Beatriz spends her days in a hospital room, anxiously watching her belly grow.
Her doctors say she is inching along a high-risk pregnancy that could ultimately kill her, fraught with risks caused by lupus and other complications. The fetus itself has such a severe birth defect that it has almost no chance of surviving, they say, urging an end to the pregnancy to protect Beatriz’s health before it gets worse. But in El Salvador, where she lives, abortion is illegal under any circumstances.
Now she is waiting for the Salvadoran Supreme Court to rule on her case, which has quickly become a focal point in a broad battle over abortion in Latin America, a largely conservative region where the Roman Catholic Church holds considerable sway.
Long home to some of the world’s most stringent abortion laws, the region has begun experiencing a shift in recent years, with some nations loosening restrictions or even legalizing the procedure. Now Beatriz’s case is testing the limits of El Salvador’s law, one of the more ironclad bans the region still has, by challenging whether abortion should remain off limits even when the mother is at risk and the baby has little hope of survival.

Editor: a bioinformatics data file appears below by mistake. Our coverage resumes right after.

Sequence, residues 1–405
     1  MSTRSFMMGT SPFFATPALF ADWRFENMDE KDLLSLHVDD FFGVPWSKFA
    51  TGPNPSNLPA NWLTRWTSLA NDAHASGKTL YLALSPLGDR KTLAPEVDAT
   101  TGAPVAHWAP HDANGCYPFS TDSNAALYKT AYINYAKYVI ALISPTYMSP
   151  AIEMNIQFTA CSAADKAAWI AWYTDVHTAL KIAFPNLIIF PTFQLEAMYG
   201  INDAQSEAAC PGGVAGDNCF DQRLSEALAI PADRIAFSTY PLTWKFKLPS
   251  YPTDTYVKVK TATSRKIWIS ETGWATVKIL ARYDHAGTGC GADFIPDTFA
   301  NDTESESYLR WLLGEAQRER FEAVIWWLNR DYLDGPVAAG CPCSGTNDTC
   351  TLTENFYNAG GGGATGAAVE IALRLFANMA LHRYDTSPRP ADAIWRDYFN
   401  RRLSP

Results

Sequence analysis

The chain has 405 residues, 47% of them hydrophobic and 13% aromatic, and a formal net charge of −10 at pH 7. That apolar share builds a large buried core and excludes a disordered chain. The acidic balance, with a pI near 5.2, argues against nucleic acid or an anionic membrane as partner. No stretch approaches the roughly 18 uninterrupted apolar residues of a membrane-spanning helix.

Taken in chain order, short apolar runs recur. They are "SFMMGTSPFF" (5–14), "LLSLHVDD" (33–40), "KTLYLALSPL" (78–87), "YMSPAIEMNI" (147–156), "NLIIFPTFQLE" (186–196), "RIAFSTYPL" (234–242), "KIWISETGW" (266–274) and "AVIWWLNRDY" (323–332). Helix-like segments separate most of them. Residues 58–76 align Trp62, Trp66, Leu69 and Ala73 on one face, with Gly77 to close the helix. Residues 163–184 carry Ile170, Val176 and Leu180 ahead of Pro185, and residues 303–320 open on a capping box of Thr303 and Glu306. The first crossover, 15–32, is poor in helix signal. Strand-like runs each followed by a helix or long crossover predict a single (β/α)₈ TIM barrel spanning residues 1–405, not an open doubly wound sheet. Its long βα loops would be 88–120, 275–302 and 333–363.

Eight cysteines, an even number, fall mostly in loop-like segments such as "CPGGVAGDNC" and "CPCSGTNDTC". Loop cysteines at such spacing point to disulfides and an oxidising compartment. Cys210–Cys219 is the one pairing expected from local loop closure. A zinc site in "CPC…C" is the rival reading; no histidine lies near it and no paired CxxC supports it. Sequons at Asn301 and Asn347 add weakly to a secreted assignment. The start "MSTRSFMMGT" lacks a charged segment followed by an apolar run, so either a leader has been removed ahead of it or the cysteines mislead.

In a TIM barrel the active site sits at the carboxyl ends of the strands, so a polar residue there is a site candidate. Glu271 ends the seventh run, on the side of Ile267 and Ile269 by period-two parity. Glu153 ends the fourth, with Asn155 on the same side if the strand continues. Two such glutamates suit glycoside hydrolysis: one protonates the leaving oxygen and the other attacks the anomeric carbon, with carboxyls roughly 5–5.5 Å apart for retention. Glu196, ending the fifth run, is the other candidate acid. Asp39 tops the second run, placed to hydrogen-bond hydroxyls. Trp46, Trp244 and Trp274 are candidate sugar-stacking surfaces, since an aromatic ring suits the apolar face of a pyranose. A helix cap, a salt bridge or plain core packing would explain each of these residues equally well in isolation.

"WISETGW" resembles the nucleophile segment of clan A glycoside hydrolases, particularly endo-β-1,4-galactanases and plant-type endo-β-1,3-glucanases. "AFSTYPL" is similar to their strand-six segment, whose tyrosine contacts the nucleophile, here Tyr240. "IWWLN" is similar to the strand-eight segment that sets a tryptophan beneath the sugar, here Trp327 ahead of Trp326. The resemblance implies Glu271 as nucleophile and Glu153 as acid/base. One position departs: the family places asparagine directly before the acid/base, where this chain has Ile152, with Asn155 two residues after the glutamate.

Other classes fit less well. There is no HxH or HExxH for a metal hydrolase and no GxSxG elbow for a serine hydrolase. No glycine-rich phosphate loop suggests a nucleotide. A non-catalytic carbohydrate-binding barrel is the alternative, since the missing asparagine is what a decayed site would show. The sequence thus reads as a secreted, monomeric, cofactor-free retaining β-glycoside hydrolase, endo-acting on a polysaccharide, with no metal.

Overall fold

“I don’t want to die,” Beatriz, 22, said in a telephone interview, explaining her reason for seeking an abortion. “I want to be with my boy, taking care of him.”
Advocates have adopted her cause to intensify a regional push to change abortion laws, arguing that her rights under international law are being violated: the fetus is not viable, the danger of serious illness or death is increasing as her pregnancy progresses, and she already has an infant child to care for. A group of United Nations human rights experts called on El Salvador’s government to grant “exceptions to its general prohibition, especially in cases of therapeutic abortion.”
The Salvadoran church, by contrast, has argued that the baby’s malformation should not be met with a death sentence.
“This case should not be used to legislate against human life,” read a statement from the Episcopal Conference of El Salvador.
Several Latin American nations have softened their stances against abortion in recent years. Uruguay’s Senate approved a bill last year allowing women to have abortions during the first trimester for any reason, after an earlier move to legalize the procedure in Mexico City. Courts in Colombia, Brazil and Argentina have also loosened restrictions on some abortions, allowing them in certain cases like rape or when the fetus is expected to die.